One Country and One Law
By M.A.M.H. Barry
“The worst form of inequality is to try to make unequal things equal”
Although much is spoken about ‘one country and one law’ in Sri Lanka, it is not a new phrase as all the countries in the world have one legal system in their respective countries. However, one legal system does not denote that there must be only one law for each and every aspect which everyone should follow. If this contention is correct, then no country will have different laws at the different levels or for different segments of people. For instance, if we take Sri Lanka, we have different laws in different provinces in some prescribed areas by virtue of the Thirteenth Amendment and Provincial Council Act No. 42 of 1987, and further we have different by laws in various local councils.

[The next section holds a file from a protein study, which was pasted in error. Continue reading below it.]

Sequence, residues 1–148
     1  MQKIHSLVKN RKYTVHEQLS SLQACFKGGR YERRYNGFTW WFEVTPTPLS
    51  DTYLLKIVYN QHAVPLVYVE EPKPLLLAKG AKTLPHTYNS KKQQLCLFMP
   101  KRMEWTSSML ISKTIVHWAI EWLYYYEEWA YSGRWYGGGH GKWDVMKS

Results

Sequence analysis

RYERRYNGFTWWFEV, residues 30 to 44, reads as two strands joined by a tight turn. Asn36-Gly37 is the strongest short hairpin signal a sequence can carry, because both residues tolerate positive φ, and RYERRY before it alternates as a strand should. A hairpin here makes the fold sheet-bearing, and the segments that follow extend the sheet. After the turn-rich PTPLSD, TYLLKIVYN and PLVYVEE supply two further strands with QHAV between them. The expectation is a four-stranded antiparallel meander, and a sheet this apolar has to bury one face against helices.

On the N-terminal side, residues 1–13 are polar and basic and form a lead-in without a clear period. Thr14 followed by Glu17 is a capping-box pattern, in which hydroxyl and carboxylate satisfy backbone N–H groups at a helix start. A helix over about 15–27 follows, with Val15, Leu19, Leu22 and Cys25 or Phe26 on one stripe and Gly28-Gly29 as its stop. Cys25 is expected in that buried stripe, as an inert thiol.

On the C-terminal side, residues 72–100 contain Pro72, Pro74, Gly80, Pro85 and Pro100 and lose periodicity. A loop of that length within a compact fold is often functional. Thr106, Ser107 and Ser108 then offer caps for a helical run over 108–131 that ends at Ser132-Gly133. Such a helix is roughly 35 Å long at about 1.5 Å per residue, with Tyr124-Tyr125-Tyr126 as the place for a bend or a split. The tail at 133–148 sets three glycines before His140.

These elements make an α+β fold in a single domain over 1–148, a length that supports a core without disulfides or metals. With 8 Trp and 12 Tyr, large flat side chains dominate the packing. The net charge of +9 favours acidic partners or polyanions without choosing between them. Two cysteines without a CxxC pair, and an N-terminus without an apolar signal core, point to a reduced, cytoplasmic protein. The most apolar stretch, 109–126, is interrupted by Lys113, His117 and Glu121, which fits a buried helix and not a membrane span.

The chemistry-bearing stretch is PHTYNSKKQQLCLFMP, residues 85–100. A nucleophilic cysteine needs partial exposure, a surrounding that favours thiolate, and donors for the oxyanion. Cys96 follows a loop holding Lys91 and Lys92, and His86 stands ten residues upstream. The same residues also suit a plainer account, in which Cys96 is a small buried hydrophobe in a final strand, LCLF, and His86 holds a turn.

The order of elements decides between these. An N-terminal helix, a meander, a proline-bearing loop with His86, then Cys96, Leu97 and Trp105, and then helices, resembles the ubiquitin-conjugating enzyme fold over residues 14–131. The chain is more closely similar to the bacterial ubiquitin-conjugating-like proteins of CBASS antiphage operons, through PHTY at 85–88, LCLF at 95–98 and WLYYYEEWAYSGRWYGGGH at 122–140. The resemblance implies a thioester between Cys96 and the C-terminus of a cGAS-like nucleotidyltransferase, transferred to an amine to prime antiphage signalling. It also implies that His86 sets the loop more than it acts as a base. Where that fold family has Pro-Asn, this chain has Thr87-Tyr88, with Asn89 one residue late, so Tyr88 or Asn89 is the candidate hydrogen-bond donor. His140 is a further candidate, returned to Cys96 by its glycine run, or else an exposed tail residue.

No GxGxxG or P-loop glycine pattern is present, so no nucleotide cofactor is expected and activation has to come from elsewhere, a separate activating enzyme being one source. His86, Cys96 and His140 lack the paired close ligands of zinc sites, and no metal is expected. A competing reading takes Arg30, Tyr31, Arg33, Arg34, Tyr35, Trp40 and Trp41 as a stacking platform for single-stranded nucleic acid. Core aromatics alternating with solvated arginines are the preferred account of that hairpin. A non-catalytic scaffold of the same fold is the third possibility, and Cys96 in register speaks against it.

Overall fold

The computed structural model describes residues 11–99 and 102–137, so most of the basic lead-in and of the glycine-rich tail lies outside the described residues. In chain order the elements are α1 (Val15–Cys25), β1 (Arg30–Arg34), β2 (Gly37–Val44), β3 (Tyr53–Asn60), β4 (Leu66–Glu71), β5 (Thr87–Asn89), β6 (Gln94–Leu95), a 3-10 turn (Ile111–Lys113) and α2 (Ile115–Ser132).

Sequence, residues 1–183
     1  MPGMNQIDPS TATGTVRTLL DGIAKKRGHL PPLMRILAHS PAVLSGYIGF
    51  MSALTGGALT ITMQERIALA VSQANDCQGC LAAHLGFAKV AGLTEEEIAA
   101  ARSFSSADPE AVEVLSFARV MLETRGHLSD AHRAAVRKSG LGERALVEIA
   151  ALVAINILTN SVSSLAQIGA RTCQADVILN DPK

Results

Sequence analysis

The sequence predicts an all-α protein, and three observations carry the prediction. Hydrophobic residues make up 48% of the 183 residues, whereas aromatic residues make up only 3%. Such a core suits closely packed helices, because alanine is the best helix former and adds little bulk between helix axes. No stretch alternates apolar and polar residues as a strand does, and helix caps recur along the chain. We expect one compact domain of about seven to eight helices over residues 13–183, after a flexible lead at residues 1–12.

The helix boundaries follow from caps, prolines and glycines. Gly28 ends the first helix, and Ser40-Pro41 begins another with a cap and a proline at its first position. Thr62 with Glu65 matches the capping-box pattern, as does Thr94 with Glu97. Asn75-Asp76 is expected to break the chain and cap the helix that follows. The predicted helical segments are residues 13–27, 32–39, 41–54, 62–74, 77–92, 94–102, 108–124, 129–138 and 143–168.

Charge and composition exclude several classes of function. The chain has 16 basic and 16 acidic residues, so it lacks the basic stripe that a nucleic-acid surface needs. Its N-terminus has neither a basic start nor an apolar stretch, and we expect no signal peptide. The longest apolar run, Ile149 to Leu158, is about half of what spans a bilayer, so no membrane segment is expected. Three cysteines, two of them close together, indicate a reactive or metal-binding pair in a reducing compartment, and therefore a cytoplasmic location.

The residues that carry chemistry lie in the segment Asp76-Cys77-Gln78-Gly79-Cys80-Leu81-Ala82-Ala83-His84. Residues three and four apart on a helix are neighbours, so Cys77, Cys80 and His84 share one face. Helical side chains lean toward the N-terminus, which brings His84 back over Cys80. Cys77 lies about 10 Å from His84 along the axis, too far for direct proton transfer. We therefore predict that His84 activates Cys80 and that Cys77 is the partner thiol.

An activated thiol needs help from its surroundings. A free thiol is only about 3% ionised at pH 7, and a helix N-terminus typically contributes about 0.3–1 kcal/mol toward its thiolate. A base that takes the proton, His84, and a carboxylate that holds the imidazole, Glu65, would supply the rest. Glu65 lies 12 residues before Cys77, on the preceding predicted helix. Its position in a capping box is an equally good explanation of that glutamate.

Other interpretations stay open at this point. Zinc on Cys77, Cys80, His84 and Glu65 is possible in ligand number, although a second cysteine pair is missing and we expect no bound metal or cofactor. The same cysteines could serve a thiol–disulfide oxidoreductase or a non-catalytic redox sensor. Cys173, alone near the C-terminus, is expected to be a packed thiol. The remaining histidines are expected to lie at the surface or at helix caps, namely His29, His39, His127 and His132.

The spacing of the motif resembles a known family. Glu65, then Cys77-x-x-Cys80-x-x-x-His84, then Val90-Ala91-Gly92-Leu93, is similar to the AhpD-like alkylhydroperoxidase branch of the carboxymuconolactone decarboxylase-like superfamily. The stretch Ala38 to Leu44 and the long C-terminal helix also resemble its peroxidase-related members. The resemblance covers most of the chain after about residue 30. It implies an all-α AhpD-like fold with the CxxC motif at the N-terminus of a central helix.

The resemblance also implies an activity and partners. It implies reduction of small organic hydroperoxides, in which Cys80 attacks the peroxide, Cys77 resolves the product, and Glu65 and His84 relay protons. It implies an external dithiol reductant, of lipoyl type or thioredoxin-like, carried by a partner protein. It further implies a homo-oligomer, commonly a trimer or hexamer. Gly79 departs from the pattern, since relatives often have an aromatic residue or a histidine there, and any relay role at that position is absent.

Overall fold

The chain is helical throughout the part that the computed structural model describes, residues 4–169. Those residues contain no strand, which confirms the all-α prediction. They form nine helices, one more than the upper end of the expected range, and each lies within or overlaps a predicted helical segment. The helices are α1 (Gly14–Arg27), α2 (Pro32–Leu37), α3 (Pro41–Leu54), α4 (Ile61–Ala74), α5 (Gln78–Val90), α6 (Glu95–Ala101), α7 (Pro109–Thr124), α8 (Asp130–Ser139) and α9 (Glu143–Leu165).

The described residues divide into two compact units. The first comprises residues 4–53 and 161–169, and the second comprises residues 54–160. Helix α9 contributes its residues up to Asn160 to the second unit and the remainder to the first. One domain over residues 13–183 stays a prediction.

Furthermore, we have several different laws which govern the administration and functions of the different religious places or institutions. For examples, we have Buddhist Temporalities Ordinance no. 19 of 1931(as amended) governs the administration of temples, The Hindu Cultural Fund Act No. 31 of 1985, The Church of Ceylon (Incorporation) act (No. 43 of 1998), and Muslim Mosques and Charitable Trusts or Wakfs Act (No. 51 of 1956). These acts clearly indicate that different laws are necessary for the functioning and administration of different religious places/institutions.